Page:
This is the team O.J. Mayo inherited. And I say inherited in reference to your silly argument about shot attempts. Why does he lead the team in shot attempts? Because a team full of veterans, including last year’s leading scorer (Rudy Gay), looked at Mayo the first day he showed up and said “lead us.” Those shot attempts represent an attempt by Mayo to lead a laughingstock franchise to respectability by doing what he does best. You’d be tired too if you were carrying an entire franchise around on your back every other day.

And since you’re so interested in Mayo’s shot attempts… Rose has chucked it up 1161 times. Only Ben Gordon (1253) has attempted more on the Bulls. But I guess it’s okay for a point guard to be second on the team in shot attempts, right? 

From: Professor Ulane
Sent: Friday, April 10, 2009 1:12 PM
To: Duane From NJ
Subject: RE: You are a dumb-dumb stinky head.

Rose shoots a lot and makes it a lot. That makes sense. Mayo shoots more than anyone on the Memphis starting five… and has the worst shooting percentage out of that group. That doesn’t make nearly as much sense. And Rudy Gay averaged 20 points per game last year. Bring in a top flight talent and, in your words, a “point guard,” and Gay’s points… go down? Wait a minute, that doesn’t make any sense, either. Shouldn’t Mayo be helping Gay score more?

And yeah, Rose really inherited a playoff team. Let’s look at the starting lineup for the ’06 Bulls team that made the playoffs: Luol Deng, P.J. Brown, Ben Wallace, Ben Gordon, and Kirk Hinrich. Let’s look at the starting lineup from last night’s Bulls game: John Salmons, Tyrus Thomas, Joakim Noah, Derrick Rose, and Ben Gordon. Hmmm. That doesn’t look very similar now, does it? Last year’s Bulls team won 33 games. This year’s team still has a chance to finish above .500 with the addition of my Rookie of the Year, Derrick Rose. Last year’s Memphis team won 22 games. This year’s team is at that same spot with four games left on the schedule. Mayo’s impact doesn’t really resonate to me.

Since I’m a nice guy, I’ll give you the last word. 

From: Duane From NJ
Sent: Friday, April 10, 2009 2:17 PM
To: Professor Ulane
Subject: RE: Rubber. Glue. Stop Talking About Yourself...

The lineups are different in Chicago. But let’s play a game of “Where Are They Now?” and see where those ’06 starters went. Luol Deng? Still on the team (the only reason he’s not starting is because he’s hurt at the moment). P.J. Brown? Retired… aka old. Ben Wallace? Traded… aka old and stubborn. Ben Gordon? Still starting. Kirk Hinrich? Bumped to the bench. Because of Rose. Hmm… something(s) looks awfully similar.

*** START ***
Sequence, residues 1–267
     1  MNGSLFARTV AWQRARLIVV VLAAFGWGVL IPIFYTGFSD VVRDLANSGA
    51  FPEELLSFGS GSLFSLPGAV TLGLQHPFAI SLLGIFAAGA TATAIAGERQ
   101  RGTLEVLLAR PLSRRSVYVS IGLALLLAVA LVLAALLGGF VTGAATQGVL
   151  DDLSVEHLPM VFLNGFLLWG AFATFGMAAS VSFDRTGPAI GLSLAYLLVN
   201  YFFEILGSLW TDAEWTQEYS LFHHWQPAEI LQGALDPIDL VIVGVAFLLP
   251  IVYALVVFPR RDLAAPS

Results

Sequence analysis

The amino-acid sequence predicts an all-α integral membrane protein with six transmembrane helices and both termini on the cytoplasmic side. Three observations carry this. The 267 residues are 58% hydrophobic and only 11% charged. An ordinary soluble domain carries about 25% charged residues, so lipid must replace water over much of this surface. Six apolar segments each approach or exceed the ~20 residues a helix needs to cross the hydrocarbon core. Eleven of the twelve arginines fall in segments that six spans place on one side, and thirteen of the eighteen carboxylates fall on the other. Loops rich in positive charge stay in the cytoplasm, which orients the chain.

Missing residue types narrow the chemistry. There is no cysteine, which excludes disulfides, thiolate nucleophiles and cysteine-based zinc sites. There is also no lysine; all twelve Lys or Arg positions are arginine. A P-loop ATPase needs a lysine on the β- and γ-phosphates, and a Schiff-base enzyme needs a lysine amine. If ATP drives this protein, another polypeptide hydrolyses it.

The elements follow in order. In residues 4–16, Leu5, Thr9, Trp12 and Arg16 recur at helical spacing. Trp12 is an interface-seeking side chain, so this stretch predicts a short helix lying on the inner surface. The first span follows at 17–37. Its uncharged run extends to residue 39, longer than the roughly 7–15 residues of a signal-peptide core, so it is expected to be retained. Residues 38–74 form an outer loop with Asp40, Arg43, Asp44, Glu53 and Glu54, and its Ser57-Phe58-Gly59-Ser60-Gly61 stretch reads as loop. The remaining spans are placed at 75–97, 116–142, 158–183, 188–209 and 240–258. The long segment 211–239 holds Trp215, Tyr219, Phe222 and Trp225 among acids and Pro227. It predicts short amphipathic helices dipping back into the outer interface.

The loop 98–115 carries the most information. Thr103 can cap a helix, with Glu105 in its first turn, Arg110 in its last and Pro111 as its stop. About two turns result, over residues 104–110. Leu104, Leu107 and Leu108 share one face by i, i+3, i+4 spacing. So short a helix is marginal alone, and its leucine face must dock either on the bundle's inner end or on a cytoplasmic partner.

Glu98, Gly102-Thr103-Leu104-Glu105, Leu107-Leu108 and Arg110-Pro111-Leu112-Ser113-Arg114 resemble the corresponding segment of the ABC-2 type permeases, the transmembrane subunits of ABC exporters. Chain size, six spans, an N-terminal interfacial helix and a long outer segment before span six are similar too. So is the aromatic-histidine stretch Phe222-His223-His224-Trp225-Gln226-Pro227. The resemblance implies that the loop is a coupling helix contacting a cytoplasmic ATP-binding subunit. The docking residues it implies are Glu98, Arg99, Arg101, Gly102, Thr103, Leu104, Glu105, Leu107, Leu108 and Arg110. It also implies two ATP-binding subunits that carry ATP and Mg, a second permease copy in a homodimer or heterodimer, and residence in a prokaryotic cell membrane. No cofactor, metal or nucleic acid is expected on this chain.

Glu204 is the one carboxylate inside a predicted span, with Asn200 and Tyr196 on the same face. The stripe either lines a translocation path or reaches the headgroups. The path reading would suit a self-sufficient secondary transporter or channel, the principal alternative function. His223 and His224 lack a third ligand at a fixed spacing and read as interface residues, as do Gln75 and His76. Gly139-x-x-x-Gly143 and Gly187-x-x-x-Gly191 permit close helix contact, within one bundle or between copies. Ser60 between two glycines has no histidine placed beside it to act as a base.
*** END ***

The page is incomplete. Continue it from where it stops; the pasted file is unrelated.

Back to Rose. Yes, he’s a huge upgrade over Hinrich. But the core of this team, the team that bounced Shaq and D-Wade on their heads in the playoffs two years ago, was already intact. The rest of the roster has been upgraded as well. They're “harder, better, faster, stronger” (to quote a certain mohawk'd MC). And a lot more mature, as evidenced by their increasingly-consistent effort in ‘09. 

Rose is having a great year. But I also think he walked into a perfect situation, and his numbers reflect it. To give him primary credit for the Bulls turnaround is borderline batty.

As for Mayo… I didn’t call him a point guard. You did. I have no problem with him leading the team in shots. HE’S NOT A POINT GUARD! And Rudy Gay’s decline only confirms two of my points: one, Memphis’ point guard situation is so lousy Mayo has had to sacrifice his game in an attempt to plug the leak. And two, the Grizzlies are so devoid of leadership that they’ve deferred to a rookie.

If Memphis were better equipped to deal with either issue, they’d probably have a lot more wins. As it is, they’re lucky to have a rookie who doesn’t mind taking the tough shots and dealing with the consequences if he misses (unlike Gay). Mayo is the guy in Memphis. He deserves credit for proving capable of shouldering such a heavy burden during his freshman year.

Didn't Rose get benched a couple of games this year?!?

Enough of my blabbering. Let’s turn it over to the readers: Who do you think should be Rookie of the Year? Click E-mail the Editor and hit us up with your pick!